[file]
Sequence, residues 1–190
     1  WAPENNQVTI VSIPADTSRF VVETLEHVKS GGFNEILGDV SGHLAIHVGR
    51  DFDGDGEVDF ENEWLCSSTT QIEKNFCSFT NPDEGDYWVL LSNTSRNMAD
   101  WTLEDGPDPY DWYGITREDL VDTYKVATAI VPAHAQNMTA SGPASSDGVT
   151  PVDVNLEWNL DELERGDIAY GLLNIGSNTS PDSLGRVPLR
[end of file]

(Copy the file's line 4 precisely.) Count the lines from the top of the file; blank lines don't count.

   101  WTLEDGPDPY DWYGITREDL VDTYKVATAI VPAHAQNMTA SGPASSDGVT